Venus Transit

Here is the sun just before Venus made first contact. You can easily see several prominent sun sports. It was very difficult to get everything in focus with my setup. A little practice before the big event certainly would have been helpful.

So, I was originally going to make this into one big post and combine it with the post I’m working on about the new telescope, but I decided (you can thank me when you see me) to separate it into two shorter posts. I’ll keep this one pretty short on text and try to get to the pictures as quickly as possible.

As many of you probably know, much of the world was treated to a rather rare astronomical event on the 5th or 6th of June (depending on your location relative to the international Date Line). In North America, the big show was on Tuesday, June 5, 2012. I hadn’t really been planning anything special for the Venus transit; however, when I decided to get a new telescope, it seemed like a good opportunity to test out the scope and have a little fun. Of course, it meant I needed a solar filter for the scope and a reasonable mount. Both of those are going to be discussed in greater detail in the other telescope blog post currently in the offing, so I’ll just say that I was very glad when the actual filter material arrived by Priority Mail on Monday, approximately 24 hours in advance of first contact.

This image is just after first contact. If you look closely, you should be able to make out the small crescent-shaped shadow from Venus in the upper right-hand corner of the Sun.

Here in Colorado, the show was set to start at about 4:00 in the afternoon and last until after sunset. I was trying to decide where to observe from when I learned that some of our friends from Mount Calvary were going to gather for a bit of a watch party at church. Since there were going to be some others to chat with and enjoy the experience, it seemed like as good a place as any. Actually, with a great view to the West and the Flatirons in the background, it’s really a much better view than most.

I decided to take the afternoon off in order to enjoy the event. Barring a series of remarkable medical breakthroughs, it isn’t going to happen again in my lifetime, and even if it does, I’ll be 140! That’s even old for a hobbit. Since we just have 1 car, Jess and I dropped off the gear at church in the morning before work. Jess kept the car, so that left me with limited transportation. Luckily our friend John was free for lunch, so he and I went over to Southern Sun for burgers. From there it was a wee hop over to church. I arrived about an hour before 1st contact (that’s when Venus just begins to cross in front of the sun from our perspective). It was pretty cloudy, so I was feeling a good bit of apprehension about the event, but I got everything setup anyway. As it was getting closer to 4:00, it began to sprinkle lightly. I moved most of the junk inside, but bravely left the scope, camera, and laptop setup outside.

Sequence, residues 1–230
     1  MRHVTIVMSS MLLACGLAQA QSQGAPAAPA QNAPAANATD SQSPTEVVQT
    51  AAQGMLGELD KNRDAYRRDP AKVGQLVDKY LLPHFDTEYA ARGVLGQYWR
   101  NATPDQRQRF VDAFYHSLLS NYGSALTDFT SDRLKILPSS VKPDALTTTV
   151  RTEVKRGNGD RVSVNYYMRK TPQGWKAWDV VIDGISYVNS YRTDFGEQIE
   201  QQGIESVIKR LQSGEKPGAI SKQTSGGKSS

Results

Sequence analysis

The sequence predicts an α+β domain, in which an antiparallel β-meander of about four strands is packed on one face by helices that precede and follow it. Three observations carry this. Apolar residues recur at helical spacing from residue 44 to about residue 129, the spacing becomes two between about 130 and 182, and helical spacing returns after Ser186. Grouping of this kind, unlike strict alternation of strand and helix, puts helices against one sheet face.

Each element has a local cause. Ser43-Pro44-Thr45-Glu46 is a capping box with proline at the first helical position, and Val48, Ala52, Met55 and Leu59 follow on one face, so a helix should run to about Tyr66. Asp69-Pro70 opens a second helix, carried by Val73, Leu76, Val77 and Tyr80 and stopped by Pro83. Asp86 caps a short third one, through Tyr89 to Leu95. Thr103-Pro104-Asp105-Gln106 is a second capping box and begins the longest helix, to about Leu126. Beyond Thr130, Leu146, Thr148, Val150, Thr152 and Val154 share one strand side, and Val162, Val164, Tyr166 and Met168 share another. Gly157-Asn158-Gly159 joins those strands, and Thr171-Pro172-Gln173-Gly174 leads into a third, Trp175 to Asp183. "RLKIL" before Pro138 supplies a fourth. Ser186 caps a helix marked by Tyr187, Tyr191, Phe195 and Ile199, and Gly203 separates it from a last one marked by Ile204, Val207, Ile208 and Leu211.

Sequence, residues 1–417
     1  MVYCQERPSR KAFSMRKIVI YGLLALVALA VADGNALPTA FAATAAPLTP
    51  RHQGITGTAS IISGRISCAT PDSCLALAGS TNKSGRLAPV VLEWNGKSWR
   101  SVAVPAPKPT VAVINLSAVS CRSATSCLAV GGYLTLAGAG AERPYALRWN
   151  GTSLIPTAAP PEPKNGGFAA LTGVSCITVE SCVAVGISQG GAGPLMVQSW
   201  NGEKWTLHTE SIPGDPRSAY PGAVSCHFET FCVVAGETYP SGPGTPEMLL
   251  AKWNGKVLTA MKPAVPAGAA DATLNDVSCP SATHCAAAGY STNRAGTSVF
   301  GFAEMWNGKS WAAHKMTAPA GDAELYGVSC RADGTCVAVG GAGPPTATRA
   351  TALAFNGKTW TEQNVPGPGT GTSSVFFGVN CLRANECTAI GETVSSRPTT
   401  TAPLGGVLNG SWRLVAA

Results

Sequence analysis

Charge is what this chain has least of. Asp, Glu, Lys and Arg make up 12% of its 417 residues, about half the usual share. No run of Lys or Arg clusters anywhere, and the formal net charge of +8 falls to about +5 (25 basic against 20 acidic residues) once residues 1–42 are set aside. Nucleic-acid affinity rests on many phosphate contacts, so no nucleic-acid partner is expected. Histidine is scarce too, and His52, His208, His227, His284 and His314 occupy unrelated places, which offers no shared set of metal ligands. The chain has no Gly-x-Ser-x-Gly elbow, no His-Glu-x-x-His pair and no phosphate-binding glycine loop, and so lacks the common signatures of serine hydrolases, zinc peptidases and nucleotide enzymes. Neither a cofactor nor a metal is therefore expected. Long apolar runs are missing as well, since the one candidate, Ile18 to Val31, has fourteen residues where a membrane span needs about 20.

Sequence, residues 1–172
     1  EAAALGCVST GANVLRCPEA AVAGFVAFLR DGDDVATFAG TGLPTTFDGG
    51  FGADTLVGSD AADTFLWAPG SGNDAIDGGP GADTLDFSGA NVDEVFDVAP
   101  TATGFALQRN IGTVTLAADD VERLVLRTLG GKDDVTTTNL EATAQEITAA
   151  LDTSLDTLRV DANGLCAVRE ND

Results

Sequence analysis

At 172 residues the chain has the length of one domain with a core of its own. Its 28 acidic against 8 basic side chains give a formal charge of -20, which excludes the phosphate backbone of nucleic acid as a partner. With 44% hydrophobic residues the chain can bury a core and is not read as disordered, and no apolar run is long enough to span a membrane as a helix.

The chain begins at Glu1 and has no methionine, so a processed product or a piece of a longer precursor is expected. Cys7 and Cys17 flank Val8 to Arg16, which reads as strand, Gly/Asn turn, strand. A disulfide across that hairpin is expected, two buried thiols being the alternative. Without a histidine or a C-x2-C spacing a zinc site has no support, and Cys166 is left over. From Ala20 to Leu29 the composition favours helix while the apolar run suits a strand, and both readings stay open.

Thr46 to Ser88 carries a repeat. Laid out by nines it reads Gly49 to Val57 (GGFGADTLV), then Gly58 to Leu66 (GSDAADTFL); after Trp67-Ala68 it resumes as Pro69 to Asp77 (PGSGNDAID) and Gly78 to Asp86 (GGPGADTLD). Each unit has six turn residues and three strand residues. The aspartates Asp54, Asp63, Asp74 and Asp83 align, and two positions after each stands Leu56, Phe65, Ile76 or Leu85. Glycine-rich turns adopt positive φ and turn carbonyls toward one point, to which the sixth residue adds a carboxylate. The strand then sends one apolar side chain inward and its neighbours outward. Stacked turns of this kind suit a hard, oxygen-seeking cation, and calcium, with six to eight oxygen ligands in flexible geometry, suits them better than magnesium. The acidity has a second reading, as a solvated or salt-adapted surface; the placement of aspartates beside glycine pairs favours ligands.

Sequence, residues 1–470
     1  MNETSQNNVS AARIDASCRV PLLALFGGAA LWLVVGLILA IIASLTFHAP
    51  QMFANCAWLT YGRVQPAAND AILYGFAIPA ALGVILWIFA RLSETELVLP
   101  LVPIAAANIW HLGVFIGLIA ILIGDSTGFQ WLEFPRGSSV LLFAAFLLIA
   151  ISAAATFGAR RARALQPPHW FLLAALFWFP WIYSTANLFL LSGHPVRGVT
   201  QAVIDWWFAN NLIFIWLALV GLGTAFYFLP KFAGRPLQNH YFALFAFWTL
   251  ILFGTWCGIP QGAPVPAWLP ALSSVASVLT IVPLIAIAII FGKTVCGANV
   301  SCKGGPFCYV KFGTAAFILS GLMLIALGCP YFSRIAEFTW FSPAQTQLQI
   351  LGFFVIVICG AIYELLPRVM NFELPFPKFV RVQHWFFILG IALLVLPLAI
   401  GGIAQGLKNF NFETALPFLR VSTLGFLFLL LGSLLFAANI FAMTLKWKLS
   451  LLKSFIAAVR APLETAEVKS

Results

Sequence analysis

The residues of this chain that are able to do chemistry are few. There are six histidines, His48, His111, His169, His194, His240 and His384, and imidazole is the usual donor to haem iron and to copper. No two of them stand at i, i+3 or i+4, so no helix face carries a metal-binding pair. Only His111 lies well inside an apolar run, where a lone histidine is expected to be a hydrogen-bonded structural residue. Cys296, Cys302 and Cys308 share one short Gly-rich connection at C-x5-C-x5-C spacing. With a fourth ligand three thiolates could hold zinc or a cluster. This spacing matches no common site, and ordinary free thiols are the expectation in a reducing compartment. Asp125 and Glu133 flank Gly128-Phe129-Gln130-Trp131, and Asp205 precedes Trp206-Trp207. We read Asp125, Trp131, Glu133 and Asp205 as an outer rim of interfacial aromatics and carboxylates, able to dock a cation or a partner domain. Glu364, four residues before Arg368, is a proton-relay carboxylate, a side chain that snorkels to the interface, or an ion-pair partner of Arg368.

Here is a shot from a little further into the transit. You can see the clouds really had an impact on our ability to see the event; however, on occassion, they added a little visual effect.

After a few minutes of truly ominous weather, the clouds parted nicely just in time for the beginning of the transit. Unfortunately I couldn’t bring the camera into focus with the star diagonal in place, so I had to mount it directly to the focus drawtube. Of course, that means it’s wasn’t at a convenient position, but I’m young enough to crouch in uncomfortable positions for at least a little while. I also found it very difficult to focus the camera through the scope. One of the downsides of modern AF DSLRs like my Nikon is that they don’t come standard with much of a focus assist. I think the diopter adjustment on the viewfinder also threw a bit of a monkey wrench into the works. While the Nikon camera control software I downloaded (free trial, yeah!) was very handy, the laptop screen was too washed out in the bright sunlight to be of much use for focus. As a result, I ended up doing a lot of semi-blind focus bracketing. that was a first for me.

This image was taken just before second contact. you can see that the circular shadow from Venus is almost completely in front of the Sun. Unfortunately a band of clouds moved in just after this photo was taken, and we didn't get a real view of the second contact, but they did part again for some nice views a bit later.

Jess also left work a little early so that she could come over at about 4:00 to catch the exciting beginning of the transit. After peering through the scope for a bit (I did mount the diagonal and eyepiece so that everyone could get some views between patches of clouds), she headed off to Lafayette to pick up miss Phoebe and our picnic dinner. Phoebe really likes picnicking and eating outside, so the two of them brought egg salad sandwiches, chips, and pickles back for a light dinner. After dinner, we continued to check out the progress Venus was making up until the Sun dipped below the mountains. I was hoping to get a cool shot of the Sun against the mountains with Venus visible in the corner, but alas the clouds didn’t cooperate. Regardless, we got a lot of cool pictures and some really good views through the scope despite the clouds coming in and out. We also got to share the event with a number of friends, and saw some really incredible images from the Internet. I hope you all got a chance to enjoy at least some of the show as well.

Here is a shot from much later in the transit. Venus is well on its way across the Sun. You can still see the same sunspots.

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